Late-Life Health Effects of Teenage Motherhood
Viola Angelini and
Health, Econometrics and Data Group (HEDG) Working Papers from HEDG, c/o Department of Economics, University of York
We study the causal impact of teenage motherhood on late-life health outcomes, using a retrospective survey of almost 12,000 women from 13 European countries containing detailed information on early-life circumstances. We find that, compared to other women, teenage mothers experience substantially lower self-reported latelife health and are more likely to display depressive symptoms. This effect is robust to controlling for early-life factors, both parametrically and through propensity score matching, and is unlikely to be driven by selection on unobservables. Studying potential transmission mechanisms by which teenage motherhood translates into adverse late-life health highlights the importance of life-cycle socio-economic conditions and societal values.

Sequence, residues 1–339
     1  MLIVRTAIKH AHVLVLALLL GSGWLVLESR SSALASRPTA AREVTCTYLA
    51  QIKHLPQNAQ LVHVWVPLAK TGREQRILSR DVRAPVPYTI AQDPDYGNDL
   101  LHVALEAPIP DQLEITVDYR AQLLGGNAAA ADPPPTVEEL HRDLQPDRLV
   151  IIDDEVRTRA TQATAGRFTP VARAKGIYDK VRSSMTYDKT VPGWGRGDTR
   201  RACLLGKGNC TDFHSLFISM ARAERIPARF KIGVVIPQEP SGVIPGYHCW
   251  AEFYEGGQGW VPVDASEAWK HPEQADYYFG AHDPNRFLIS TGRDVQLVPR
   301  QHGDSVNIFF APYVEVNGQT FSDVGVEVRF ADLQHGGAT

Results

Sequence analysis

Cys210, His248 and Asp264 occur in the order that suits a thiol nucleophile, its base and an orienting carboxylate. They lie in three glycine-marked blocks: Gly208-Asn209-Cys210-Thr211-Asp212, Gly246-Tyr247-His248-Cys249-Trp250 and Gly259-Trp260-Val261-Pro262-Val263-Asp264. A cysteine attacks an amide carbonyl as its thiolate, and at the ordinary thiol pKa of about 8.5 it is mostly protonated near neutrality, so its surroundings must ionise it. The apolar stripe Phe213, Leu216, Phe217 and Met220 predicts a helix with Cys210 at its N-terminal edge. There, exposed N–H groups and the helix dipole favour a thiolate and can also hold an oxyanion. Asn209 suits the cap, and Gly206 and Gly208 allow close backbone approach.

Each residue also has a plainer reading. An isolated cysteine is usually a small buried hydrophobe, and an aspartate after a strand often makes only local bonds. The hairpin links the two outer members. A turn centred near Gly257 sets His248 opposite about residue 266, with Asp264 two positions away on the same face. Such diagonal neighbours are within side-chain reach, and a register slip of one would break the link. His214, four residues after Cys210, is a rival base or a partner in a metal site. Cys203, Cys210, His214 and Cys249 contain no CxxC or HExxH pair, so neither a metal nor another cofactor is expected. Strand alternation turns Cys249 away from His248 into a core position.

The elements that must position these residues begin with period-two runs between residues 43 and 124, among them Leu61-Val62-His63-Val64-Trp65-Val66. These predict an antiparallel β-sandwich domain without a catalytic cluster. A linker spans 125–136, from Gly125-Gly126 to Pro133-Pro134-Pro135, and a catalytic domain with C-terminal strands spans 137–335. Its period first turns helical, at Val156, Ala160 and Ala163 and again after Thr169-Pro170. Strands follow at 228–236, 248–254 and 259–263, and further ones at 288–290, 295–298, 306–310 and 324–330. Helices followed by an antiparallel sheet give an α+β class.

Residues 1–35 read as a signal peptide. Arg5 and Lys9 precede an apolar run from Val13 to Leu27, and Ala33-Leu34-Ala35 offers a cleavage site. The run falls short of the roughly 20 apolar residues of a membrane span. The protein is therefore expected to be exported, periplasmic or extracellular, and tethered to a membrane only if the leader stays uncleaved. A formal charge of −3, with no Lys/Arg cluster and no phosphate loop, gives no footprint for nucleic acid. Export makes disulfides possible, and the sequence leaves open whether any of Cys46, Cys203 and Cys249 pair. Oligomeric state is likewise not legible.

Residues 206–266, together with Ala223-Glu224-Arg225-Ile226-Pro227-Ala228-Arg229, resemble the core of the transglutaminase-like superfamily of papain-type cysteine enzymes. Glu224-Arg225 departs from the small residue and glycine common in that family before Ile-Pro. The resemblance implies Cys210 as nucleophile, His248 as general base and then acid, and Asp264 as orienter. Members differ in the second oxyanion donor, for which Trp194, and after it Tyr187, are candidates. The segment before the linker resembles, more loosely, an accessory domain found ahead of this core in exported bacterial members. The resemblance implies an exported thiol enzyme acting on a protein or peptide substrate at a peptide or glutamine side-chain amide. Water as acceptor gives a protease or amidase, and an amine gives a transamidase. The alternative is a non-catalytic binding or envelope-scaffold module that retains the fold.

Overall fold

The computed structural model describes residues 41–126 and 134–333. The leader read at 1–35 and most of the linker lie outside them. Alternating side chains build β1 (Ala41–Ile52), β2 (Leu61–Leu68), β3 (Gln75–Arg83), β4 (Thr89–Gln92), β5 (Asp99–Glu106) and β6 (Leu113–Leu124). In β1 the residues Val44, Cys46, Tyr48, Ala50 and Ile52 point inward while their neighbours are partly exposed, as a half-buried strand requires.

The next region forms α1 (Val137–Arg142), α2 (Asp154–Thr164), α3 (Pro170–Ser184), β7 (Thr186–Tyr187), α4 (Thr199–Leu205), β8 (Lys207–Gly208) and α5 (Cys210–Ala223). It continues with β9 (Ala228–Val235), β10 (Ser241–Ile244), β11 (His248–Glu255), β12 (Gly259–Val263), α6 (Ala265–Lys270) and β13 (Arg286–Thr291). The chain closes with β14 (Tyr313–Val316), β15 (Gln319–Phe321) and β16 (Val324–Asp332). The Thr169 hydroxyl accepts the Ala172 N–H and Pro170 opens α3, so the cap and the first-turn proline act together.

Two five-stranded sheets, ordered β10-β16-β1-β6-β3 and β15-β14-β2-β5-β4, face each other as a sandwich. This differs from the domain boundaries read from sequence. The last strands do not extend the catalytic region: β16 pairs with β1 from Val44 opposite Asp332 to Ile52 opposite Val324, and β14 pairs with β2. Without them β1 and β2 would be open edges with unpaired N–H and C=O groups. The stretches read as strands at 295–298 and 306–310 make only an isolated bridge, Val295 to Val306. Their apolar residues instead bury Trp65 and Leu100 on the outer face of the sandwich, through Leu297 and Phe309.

Keywords: teenage motherhood; self-reported health; depression; retrospective data; Europe (search for similar items in EconPapers)
JEL-codes: I31 J13 J14 (search for similar items in EconPapers)
New Economics Papers: this item is included in nep-eur, nep-ger and nep-hea
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Working Paper: Late-life Health Effects of Teenage Motherhood (2017)
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Persistent link: https://EconPapers.repec.org/RePEc:yor:hectdg:15/09
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